Otto – an orphaned otter’s odyssey

Otto – an orphaned otter’s odyssey
Photo taken by the Florida Wildlife Commission when visiting Otto at his Jacksonville home.

Resident News reporter uncovers the end of the journey

Photo taken by the Florida Wildlife Commission when visiting Otto at his Jacksonville home.

Photo taken by the Florida Wildlife Commission when visiting Otto at his Jacksonville home.

“Chirp.  Chirp. CHIRP!” It was March 2011 when Nick Sharrow of Jacksonville’s Sharrow Tree Service traced the disturbing high-pitched, penetrating distress call to an abandoned river otter pup in a client’s Riverside yard. “It was hard to ignore,” he said.  The otter was so young its eyes only recently opened; he weighed about five pounds and was less than a foot long.
The next day, the otter was still there, more upset and no mamma otter in sight. Worse, it appeared to have a cold. Sharrow brought the otter home with him to his boat at Ortega’s “marina mile,” and dubbed the otter “Otto.” Sharrow bottle-fed Otto $5 cans of goat’s milk and tilapia. Upon recovery from his cold, Otto regained his energy and made himself at home in the marina.

Patty Hamilton with Otto as a pup

Patty Hamilton with Otto as a pup

In June, Sharrow tapped his new neighbor Roberta “Bertie” Weaver to take over Otto care as Sharrow’s work schedule and Otto’s exuberance conflicted. “Otto had it pretty good, with the tilapia and goat’s milk feeding!” joked Weaver, who became known along the marina mile as “Otter Mom.”

Weaver took to the role, tackling teaching Otto the basic skills he needed to survive in the wild. She and another neighbor, Patty Hamilton, began fishing locally for Otto’s food. She introduced him to the water with a baby pool, and then took him to Redneck Beach where he learned to swim. She also gradually cured him of his fear of rain. By August, Otto learned to catch his own fish, and often disappeared for days at a time with his girlfriend, a wild river otter.

Meanwhile, Otto’s playful, mischievous nature both charmed and distressed the neighbors.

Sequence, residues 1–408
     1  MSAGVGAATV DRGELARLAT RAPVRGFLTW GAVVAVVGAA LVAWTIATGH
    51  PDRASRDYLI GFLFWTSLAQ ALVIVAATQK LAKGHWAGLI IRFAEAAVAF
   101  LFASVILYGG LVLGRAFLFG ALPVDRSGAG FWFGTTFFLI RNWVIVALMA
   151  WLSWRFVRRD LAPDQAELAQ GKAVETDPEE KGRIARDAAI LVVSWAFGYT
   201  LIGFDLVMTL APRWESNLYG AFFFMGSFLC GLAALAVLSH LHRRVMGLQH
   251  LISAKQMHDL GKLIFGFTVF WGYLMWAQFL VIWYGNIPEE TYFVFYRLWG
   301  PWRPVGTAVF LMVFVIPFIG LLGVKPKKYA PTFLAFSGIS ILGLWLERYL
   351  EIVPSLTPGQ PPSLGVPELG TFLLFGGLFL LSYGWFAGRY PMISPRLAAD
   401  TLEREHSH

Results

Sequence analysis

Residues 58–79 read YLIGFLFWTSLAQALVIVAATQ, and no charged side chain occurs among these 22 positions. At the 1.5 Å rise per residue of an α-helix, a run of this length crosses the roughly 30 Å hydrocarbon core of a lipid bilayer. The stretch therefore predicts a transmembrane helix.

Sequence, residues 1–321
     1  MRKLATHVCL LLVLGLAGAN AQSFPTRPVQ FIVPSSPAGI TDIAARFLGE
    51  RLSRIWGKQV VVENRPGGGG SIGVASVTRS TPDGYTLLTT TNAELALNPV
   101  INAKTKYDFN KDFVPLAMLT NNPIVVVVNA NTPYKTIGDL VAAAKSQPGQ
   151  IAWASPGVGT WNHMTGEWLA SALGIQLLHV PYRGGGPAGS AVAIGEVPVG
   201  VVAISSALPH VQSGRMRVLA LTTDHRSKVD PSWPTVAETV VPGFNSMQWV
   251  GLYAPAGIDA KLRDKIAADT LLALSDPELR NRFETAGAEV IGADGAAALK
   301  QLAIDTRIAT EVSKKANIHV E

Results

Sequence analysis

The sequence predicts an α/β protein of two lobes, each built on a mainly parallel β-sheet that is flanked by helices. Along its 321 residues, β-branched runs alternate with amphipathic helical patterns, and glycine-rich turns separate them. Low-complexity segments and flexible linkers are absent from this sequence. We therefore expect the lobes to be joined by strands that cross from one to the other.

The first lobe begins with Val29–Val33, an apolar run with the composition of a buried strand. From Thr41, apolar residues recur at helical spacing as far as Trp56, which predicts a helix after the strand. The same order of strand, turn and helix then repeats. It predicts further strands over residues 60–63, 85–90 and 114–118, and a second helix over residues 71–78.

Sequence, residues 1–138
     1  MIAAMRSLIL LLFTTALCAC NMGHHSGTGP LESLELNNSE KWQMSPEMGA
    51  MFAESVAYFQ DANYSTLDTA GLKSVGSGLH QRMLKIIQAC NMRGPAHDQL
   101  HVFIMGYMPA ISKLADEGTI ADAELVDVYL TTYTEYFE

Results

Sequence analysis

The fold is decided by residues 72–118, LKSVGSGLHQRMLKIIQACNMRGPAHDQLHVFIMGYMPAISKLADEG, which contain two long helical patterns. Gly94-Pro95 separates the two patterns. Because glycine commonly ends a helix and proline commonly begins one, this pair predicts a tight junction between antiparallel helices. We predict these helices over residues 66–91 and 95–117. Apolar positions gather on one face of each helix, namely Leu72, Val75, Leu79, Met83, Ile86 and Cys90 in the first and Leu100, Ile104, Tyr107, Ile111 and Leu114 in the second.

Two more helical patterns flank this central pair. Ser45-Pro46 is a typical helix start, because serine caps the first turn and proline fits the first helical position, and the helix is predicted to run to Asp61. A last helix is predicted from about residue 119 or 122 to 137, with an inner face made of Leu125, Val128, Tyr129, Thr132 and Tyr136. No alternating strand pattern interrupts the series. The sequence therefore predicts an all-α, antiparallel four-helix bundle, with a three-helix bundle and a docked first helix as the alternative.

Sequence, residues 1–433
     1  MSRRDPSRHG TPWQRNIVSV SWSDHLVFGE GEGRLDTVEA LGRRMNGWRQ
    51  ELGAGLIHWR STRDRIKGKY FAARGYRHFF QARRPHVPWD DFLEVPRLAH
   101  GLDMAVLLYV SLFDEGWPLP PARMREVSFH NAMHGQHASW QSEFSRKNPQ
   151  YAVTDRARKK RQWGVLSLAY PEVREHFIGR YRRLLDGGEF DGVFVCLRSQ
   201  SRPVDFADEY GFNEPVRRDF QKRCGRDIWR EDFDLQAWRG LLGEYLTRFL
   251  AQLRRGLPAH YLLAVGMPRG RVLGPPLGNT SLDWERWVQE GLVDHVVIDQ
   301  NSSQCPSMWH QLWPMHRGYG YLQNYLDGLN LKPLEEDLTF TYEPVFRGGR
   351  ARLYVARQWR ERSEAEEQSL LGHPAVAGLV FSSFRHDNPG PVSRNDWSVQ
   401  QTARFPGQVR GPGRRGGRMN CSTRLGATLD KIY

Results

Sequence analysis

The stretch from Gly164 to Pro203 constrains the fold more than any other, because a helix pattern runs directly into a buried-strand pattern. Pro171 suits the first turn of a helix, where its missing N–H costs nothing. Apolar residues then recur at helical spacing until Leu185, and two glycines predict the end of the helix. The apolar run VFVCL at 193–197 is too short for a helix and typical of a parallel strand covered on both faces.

John Light introduced himself to Weaver after seeing Otto romp in neighborhood swimming pools from his upper story condo windows. “What the heck is that?” Light asked Weaver.
“It was hard to imagine that wild otter didn’t know who his mamma was. He didn’t get that he was an otter. He just figured he was part of the family,” Light observed.  “Everyone looked out for him.”

A nearby office worker, Jane Smith, became concerned when she saw Otto conk himself on his head. Smith asked a friend who was a volunteer with an animal rescue and rehabilitation “rehabber” agency what to do if Otto needed medical care. Smith’s friend became alarmed, insisting Smith contact the wildlife authorities, requesting they capture and remove the otter. Smith refused. However shortly after, she believes her now former friend contacted at least one local wildlife agency.

Smith admits she didn’t want to see Otto suffer the same fate the stray cats fed by office coworkers did. They were hit and killed by cars, which often speed along Lakeside Drive. Smith was contacted when another friend found Otto wandering on Euclid near San Juan Avenue. She returned him to “his” marina.

Around that time, Weaver recalls a visit from a representative of the Wildlife Rescue Coalition of Northeast Florida. When told the visit was to check out an otter, Weaver offered to call Otto. “Oh no!” she remembers the wildlife representative responding. “They’re vicious!”

That visit was followed by another from Florida Fish and Wildlife Commission (FWC) inspector Kevin Larsen, spurred by complaints placed between Jul. 28 and Aug. 11, 2011 that “there was an otter held captive on a boat in a marina,” requesting it be turned over to a wildlife rehabber.

When Larsen met with Weaver, she pointed out Otto to him. Otto, a bit of a ham, hopped up out of the river onto the marina dock, and mugged for Larsen’s camera. Larsen snapped Otto’s photo, but took no further action.